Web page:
National Geographic : 1892 Mar 21
Fossils of ancient Aspect. marble occurring on some of the moraines have had such a source. Two large calcite seams of this character show beautifully on the eastern face of Pyramid peak, looking, to an observer in Dying glacier valley, like rills of water on the mountain side. In the vicinity of the eruptives these fissures are often metalliferous, and occasional quartz veins occur. Careful search for fossils was made in these argillites at many points, but no discovery rewarded the search. It is very possi ble that the series comprises rocks of more than one age. The whole is so homogeneous in appearance that its dissection, if dissection is possible, will be a matter of vast and painstaking labor. The Limestone.-The mountains forming both shores of the larger part of Glacier bay, and all the islands in the bay except the two in Muir inlet and the Beardslee islands, are made up of metamorphic limestone. This first appears on the eastern side of the bay, form ing the mountain peak just south of the peak of mount Wright, follows along the mountain summits for some little distance with slight dip and then abruptly plunges down to the shore with a very steep southerly dip. Near its contact with the slates it con tains considerable argillaceous admixture; otherwise it is an ex tremely pure dolomitic limestone, containing only a trace of insoluble matter. More commonly it is of a dark purplish tint, though some portions are drab. It is cut by the same fissure systems as the argillites, but is bound into a more compact mass by the calcite which everywhere completely fills the fissures, so that it disintegrates with less rapidity. Search for fossils in the limestone was rewarded at only one locality, on the island in Glacier bay nearly due south of Headland island. Here but a handful were found. The only recognizable forms were shells of Leperditia. Sections of large gasteropods showed beautifully on the highly polished limestone surface, but it was impossible to break out specimens which would give any indication of external form. I sent the collection to Professor H. S. Williams for ex amination. He replied that Leperditia was recognizable, while the others would scarcely repay careful examination; that the age was probably Paleozoic, but that the collection would war rant no more decisive statement. The superior limit of the lime stone was not seen, but it has a thickness of several thousand feet. It appears conformable with the argillites below, indicating their probable Paleozoic age. 9-NAT. GEOG. MAG , VOL. IV, 1892.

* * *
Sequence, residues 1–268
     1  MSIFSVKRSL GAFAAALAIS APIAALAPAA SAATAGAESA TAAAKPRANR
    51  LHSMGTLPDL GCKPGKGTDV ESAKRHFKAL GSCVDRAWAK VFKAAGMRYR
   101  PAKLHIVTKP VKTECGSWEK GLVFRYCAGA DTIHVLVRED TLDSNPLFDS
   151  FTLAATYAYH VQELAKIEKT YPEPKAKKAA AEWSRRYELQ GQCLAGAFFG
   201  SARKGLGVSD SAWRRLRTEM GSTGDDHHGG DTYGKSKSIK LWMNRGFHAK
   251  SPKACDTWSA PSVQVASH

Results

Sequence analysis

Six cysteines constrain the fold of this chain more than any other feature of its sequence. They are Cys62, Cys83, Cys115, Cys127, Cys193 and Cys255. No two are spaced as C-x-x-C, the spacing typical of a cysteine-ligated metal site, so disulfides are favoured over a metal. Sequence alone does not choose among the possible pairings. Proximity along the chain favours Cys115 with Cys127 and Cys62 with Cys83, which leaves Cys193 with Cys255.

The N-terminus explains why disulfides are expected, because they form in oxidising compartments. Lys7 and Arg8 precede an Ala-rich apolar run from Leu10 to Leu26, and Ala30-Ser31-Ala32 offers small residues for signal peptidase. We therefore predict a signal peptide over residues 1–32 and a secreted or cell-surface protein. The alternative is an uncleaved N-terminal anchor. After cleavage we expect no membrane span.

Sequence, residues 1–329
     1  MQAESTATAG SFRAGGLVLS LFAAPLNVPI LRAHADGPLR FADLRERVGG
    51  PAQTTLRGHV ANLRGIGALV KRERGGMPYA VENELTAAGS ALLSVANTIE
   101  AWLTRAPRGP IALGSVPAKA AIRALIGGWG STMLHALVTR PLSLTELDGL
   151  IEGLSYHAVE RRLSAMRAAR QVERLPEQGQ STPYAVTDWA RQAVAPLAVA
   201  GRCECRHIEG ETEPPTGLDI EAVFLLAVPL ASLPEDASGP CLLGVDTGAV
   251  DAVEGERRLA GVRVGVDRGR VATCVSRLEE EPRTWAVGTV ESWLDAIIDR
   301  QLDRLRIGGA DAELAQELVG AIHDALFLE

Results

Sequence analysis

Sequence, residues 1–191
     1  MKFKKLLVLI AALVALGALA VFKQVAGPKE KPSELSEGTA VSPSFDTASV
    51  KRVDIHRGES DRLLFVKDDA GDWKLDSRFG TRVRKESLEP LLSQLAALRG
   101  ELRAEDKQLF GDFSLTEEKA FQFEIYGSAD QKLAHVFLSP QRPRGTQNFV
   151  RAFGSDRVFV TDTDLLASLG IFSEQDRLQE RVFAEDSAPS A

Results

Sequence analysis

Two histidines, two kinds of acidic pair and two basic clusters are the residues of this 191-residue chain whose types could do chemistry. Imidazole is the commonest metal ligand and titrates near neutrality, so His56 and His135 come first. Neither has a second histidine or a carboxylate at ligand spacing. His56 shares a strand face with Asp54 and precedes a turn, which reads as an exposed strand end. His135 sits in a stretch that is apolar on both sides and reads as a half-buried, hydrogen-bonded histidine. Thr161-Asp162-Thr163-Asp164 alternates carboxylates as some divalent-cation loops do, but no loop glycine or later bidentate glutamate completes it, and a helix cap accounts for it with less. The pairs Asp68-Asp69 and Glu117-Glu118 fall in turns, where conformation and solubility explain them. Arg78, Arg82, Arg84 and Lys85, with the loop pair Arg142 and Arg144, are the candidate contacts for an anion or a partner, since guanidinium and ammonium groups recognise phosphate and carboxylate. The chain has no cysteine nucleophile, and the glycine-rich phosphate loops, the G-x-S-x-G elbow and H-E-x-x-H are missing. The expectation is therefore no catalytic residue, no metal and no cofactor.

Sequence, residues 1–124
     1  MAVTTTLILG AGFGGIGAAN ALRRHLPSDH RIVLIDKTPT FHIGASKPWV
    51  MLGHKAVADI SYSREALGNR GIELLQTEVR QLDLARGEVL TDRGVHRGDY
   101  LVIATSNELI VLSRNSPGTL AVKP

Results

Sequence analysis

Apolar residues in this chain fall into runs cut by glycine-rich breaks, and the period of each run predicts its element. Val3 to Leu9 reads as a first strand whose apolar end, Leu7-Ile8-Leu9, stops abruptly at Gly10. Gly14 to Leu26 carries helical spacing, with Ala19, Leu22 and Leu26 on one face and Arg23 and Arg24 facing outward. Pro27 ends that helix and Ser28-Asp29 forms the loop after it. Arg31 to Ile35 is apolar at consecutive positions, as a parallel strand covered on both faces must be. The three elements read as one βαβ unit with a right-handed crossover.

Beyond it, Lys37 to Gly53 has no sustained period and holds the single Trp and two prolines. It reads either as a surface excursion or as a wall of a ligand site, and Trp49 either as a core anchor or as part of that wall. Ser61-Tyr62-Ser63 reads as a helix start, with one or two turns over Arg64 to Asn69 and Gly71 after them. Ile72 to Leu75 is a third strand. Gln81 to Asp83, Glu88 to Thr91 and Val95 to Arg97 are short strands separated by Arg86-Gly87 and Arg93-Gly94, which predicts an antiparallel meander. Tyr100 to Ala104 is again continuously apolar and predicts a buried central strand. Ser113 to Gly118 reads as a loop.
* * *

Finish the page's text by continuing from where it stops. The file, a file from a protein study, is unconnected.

1892 May 15
1892 Feb 19